'Khajoor pe Atke' review: Just short of a laugh riot

A still from ‘Khajoor pe Atke.’

A still from ‘Khajoor pe Atke.’   | Photo Credit: Special Arrangement

It’s heartening to see a film provide the centrestage to actors who have made their presence felt on television but hovered around the lead on the big screen. There’s Manoj Pahwa, Seema Pahwa, Vinay Pathak, Alka Amin and Dolly Ahluwalia, who play members of a bickering middle class Indian family in Khajoor Pe Atke.

The film is directed by Harsh Chhaya, who himself was a prominent face on Indian television in the ’90s and early 2000s. So the film is bound to radiate the both charm and craft of a television comedy, without rendering a cinematic experience.

Thankfully, the experience is not that of watching television shows as they come today. Khajoor Pe Atke creates silly and humourous situations that draw from the idiosyncrasies of a traditional Indian family, comprising eccentric, property-minded Generation X and their distracted millennial kids.

Khajoor Pe Atke
  • Director: Harsh Chhaya
  • Cast: Manoj Pahwa, Seema Pahwa, Vinay Pathak, Suneeta Sengupta, Alka Amin, Dolly Ahluwalia, Prathamesh Parab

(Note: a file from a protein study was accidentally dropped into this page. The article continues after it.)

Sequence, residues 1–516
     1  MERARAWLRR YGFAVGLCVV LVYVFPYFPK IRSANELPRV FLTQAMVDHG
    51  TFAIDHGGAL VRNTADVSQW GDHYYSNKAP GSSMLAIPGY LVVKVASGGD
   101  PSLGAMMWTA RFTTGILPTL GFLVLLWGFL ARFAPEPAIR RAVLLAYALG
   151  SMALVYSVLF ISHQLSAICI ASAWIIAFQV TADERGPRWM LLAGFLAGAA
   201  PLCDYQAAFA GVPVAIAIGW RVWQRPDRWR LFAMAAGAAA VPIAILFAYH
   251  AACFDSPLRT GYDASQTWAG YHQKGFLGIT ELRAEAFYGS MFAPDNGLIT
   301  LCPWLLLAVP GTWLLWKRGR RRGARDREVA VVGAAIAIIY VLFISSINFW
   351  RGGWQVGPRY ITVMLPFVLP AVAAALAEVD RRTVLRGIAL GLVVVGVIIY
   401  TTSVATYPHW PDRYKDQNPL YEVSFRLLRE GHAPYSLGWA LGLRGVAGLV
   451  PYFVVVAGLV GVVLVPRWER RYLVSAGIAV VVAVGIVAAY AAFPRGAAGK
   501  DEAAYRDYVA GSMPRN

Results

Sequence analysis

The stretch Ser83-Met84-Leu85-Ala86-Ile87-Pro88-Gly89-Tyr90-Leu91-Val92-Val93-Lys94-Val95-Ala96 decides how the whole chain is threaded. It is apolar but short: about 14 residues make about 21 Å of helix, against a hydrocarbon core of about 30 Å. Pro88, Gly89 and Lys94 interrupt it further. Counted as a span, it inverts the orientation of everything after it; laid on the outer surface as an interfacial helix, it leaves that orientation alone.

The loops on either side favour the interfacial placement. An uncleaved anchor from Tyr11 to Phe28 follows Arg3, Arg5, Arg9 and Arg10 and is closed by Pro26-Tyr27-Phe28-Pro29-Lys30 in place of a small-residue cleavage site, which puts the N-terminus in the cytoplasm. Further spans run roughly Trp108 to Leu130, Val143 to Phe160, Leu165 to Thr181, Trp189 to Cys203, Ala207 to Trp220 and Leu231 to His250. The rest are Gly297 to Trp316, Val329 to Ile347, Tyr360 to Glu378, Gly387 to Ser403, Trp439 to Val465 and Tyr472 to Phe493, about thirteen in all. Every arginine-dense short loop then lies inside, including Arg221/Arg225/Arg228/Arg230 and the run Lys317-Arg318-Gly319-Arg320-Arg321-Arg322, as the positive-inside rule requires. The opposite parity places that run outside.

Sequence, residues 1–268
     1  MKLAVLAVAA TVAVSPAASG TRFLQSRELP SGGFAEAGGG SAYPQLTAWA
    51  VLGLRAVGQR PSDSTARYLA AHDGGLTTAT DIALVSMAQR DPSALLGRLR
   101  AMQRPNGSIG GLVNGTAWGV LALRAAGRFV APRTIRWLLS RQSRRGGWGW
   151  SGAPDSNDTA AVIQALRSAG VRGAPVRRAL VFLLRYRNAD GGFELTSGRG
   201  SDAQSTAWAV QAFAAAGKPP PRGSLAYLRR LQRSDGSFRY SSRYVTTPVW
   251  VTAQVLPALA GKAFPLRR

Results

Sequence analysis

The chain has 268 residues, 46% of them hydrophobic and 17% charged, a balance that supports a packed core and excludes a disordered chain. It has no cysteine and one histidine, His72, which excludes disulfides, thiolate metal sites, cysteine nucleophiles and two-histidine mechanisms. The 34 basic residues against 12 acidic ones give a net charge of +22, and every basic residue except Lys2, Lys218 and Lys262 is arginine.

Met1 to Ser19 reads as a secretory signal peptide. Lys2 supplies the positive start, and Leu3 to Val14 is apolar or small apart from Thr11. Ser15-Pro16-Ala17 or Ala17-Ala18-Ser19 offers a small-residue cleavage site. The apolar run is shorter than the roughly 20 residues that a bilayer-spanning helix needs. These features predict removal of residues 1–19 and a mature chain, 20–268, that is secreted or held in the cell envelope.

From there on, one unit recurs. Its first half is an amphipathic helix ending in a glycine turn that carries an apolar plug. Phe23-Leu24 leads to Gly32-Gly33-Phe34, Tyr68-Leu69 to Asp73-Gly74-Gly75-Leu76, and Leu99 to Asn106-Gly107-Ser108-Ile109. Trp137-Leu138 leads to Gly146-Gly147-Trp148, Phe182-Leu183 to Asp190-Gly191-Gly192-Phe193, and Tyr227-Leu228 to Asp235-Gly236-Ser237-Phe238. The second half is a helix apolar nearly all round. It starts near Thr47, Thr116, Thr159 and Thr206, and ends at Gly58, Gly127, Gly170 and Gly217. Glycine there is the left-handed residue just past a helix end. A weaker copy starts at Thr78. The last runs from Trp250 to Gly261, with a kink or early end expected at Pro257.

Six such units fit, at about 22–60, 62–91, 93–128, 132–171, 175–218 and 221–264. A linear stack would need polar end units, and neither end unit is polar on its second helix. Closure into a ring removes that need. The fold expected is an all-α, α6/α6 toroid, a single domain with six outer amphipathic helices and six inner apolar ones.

• Storyline: A family waits at the hospital for a member to recover from a coma.

When a family member slips into a coma, his siblings along with their kids flock to Mumbai to be by his side, but not without discussing the airfare. There are moments and one-liners that make you chuckle as the film ushers you into a promisingly hilarious hospital set-up. But while some moments work, many don’t.

One can only blame the filmmaker’s execution, which often appears clichéd. The characters and situations which evoke laughter are ones that are most relatable, than the ones that are caricaturish.

Close on the heels of a funny moment comes a burlesque one. For instance, Jeetendar (Manoj Pahwa) and his wife Sushila (Seema Pahwa) invite suitors for her daughter at the hospital, as the wait for his brother to recover from coma drags along. This rather funny set-up is punctuated with trite tropes like the eldest sister ambushing the ICU with a local guru, who ends up smearing ashes on the sick.

The film is self-aware of being an unrestrained comedy and maintains a light tone for grim subjects like death, coma and euthanasia but it also has its mawkish moments that could have been done without. Underneath the amateurish execution, sentimentality and clichés, lies an enjoyable fare best relished for the comic timing of its actors.

Recommended for you
This article is closed for comments.
Please Email the Editor

Printable version | Sep 23, 2020 6:25:40 PM |

Next Story